Google removed the experimental privacy tool for Android software, a feature that allowed users to prevent applications collect personal information such as phonebook data and mobile locations.
The change means that those with Smartphones using Android 4.4.2 , the version of the operating system ‘s most popular mobile devices in the world presented this week , should provide access to your personal information to use certain applications.
A spokesman for the company said the tool had been included by accident in Android 4.3, the version released last summer, Reuters reported.
“We suspect this explanation and we do not in any way justify the fact of removing the property rather than better,” said Peter Eckersley, technology projects director of the Electronic Frontier Foundation.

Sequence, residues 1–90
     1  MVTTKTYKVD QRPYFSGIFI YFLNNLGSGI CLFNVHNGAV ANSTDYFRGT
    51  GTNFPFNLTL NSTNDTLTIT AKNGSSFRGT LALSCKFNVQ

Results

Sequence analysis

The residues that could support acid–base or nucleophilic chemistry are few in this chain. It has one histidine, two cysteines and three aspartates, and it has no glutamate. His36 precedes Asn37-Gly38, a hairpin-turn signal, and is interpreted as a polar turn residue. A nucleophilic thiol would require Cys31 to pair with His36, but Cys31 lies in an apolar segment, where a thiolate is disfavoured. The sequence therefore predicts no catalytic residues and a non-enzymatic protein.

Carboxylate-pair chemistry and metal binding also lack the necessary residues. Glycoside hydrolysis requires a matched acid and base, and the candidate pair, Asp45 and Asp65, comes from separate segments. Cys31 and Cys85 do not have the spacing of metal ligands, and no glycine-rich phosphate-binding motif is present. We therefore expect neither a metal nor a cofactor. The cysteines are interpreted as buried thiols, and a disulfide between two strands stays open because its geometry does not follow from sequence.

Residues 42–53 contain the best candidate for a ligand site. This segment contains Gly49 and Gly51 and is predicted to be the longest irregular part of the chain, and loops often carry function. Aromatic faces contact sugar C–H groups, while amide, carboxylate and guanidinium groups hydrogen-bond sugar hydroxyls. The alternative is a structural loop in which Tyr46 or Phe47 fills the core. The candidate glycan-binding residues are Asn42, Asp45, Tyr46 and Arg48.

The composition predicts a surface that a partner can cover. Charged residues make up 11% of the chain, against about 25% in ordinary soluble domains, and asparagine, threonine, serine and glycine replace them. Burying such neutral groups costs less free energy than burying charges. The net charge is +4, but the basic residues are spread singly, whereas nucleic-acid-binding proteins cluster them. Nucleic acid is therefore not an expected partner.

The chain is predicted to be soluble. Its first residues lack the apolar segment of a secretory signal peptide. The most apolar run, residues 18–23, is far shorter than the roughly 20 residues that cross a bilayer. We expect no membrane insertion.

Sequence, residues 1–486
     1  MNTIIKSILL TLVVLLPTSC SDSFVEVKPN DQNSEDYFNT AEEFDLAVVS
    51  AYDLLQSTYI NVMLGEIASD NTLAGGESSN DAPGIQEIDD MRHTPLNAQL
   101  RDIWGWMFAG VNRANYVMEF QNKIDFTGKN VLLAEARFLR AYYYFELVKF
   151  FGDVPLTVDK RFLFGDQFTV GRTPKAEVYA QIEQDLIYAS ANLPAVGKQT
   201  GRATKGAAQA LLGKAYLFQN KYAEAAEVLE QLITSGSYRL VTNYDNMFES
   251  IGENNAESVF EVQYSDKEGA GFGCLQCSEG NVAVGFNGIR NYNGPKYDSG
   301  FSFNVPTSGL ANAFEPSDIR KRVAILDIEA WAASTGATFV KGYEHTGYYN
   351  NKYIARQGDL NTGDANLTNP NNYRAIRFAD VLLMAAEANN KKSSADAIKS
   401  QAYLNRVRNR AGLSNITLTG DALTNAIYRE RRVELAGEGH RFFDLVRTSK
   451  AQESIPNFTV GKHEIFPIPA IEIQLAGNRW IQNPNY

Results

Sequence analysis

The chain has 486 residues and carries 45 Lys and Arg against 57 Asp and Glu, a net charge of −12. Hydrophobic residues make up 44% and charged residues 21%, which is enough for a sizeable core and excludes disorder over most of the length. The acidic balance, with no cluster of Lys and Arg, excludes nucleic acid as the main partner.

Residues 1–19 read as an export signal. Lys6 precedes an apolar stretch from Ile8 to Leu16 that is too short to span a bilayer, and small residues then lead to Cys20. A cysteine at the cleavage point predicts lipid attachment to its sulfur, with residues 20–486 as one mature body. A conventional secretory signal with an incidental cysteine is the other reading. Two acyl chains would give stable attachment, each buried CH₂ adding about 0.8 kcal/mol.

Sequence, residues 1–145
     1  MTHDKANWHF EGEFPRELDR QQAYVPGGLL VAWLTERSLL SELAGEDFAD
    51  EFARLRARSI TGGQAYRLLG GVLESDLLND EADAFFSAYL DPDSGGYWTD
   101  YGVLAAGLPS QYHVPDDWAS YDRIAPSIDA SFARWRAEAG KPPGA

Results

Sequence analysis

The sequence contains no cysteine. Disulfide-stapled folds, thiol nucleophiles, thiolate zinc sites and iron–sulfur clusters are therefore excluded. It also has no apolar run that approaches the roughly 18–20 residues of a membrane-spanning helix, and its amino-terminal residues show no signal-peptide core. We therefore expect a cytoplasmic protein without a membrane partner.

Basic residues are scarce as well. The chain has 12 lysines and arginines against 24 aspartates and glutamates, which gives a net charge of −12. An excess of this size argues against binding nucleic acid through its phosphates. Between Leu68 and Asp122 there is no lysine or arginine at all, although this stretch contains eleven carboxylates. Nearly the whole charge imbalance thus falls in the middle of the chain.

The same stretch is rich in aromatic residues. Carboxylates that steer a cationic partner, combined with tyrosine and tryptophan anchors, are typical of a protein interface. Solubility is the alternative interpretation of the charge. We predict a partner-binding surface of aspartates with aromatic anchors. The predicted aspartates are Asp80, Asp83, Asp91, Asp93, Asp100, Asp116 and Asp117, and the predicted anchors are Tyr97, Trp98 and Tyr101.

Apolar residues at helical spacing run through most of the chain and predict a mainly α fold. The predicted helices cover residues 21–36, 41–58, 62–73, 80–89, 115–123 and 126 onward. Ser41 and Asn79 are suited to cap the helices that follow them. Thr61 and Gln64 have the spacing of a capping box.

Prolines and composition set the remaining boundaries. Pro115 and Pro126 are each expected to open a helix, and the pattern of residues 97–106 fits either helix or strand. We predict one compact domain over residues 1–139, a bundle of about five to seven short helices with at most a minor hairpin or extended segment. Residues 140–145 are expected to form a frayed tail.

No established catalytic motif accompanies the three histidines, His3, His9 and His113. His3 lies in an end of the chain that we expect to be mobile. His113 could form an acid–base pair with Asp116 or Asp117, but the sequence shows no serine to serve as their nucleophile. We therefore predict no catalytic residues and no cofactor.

The website of the digital rights organization was the first to publish the change through a blog on Friday.
Android users who want to maintain privacy controls without upgrading your OS to version 4.4.2 may be vulnerable to security risks, Eckersley said.
“For now, users will have to choose between privacy and security of Android devices, but not both,” he said.
Many third-party applications for Android devices, such as music identification service Shazam and popular flashlight apps for Smartphones, require access to personal information that does not always have an obvious connection with the functionality of the tool, such as call data and locations.
Privacy became an increasingly important issue as smart phones, which are loaded with personal information of users, become the primary computing device for many of them.